Yet another COVID-19 strain has popped up — albeit in a surprising corner of the world.

Scientists in southern Finland have discovered the new variant, called Fin-769H, reported the country’s national news outlet Yle on Thursday.

The researchers noted that several mutations in the South African and U.K. virus versions are present within this one, but combined in a unique way.

“The variant was discovered in a patient last week, so details about the infectivity and potential resistance of this strain to vaccines are not yet known,” said Taru Meri, a researcher at Vita Laboratories.

The discovery of the mutant coronavirus in Finland perplexed some scientists due to the nation’s effective job in limiting deaths. The country of 5.5 million residents has reported only 725 disease fatalities, according to health tracker Johns Hopkins University.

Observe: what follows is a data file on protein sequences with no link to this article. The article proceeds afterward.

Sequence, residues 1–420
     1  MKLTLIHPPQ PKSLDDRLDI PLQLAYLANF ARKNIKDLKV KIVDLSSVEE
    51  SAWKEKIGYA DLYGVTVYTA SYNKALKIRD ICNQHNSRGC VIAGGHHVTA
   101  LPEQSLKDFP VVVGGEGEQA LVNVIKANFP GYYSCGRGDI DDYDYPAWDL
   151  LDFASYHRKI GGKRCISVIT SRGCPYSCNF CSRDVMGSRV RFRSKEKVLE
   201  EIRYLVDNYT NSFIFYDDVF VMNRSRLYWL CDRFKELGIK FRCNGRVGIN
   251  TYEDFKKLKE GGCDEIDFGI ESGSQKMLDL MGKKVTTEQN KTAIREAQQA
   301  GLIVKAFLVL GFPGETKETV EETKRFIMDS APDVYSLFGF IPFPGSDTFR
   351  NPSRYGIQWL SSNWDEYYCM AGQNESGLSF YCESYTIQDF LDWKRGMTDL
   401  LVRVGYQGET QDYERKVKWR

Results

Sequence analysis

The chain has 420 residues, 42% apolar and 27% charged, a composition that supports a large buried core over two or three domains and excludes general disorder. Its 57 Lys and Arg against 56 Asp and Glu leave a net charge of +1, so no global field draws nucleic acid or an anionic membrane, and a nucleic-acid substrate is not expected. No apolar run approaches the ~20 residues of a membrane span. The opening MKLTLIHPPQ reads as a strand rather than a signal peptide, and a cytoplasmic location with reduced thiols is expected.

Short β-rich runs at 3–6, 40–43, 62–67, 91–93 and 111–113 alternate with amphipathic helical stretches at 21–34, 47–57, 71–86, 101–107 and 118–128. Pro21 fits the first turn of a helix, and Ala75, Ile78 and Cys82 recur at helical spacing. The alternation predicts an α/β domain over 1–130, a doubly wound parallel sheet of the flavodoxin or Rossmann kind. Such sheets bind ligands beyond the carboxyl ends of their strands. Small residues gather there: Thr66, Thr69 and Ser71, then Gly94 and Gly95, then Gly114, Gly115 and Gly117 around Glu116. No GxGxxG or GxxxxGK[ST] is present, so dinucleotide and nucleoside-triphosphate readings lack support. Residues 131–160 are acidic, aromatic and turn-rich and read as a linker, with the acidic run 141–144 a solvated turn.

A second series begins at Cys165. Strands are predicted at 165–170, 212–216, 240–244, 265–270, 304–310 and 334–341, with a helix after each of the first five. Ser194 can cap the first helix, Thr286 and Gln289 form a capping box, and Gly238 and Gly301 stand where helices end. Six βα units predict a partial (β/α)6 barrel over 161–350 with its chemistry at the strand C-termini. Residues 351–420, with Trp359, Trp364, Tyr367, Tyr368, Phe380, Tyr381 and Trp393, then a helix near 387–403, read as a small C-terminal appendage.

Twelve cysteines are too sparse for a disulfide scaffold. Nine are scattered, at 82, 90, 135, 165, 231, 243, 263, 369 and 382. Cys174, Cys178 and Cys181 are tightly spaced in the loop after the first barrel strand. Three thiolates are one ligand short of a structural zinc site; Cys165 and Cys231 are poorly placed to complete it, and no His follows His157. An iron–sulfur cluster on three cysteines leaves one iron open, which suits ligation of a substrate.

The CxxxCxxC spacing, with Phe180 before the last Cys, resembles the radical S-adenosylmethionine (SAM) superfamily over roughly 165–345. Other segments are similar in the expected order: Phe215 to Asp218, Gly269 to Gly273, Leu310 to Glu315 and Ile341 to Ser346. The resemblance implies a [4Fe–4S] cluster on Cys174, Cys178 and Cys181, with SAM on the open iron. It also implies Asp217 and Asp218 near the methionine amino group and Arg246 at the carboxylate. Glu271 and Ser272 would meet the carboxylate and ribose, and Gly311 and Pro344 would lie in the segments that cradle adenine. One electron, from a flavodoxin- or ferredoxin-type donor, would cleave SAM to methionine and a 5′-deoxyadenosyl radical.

Meri also pointed to the country’s relatively low current COVID-19 infection rates.

As of Thursday, 450 cases of COVID-19 variants have been reported in Finland, according to THL infectious disease control head Taneli Puumalainen.

Of these, nearly all were of the British variant, 22 South African and one of the Brazilian strain.

But University of Turku virology professor Ilkka Julkunen explained that the new variant shouldn’t prompt panic.

“I would not be hugely worried yet because we do not have clear information that this new strain would be more easily transmitted or that it would affect the immune protection brought about by already having had the virus or having received a vaccination,” Julkunen said.

And Petri Auvinen, research director of the University of Helsinki’s Institute of Biotechnology, said the discovery of new coronavirus variants was inevitable.

“However, the newly discovered variant differs from expectations in that it does not genetically resemble any other known variant,” Auvinen said.

On Thursday, the global coronavirus death toll inched closer to 2.5 million victims.

The United States continues to outpace all other nations in COVID-19 casualties with 492,300. Approximately one in every five people on Earth to have succumbed to the disease has been an American.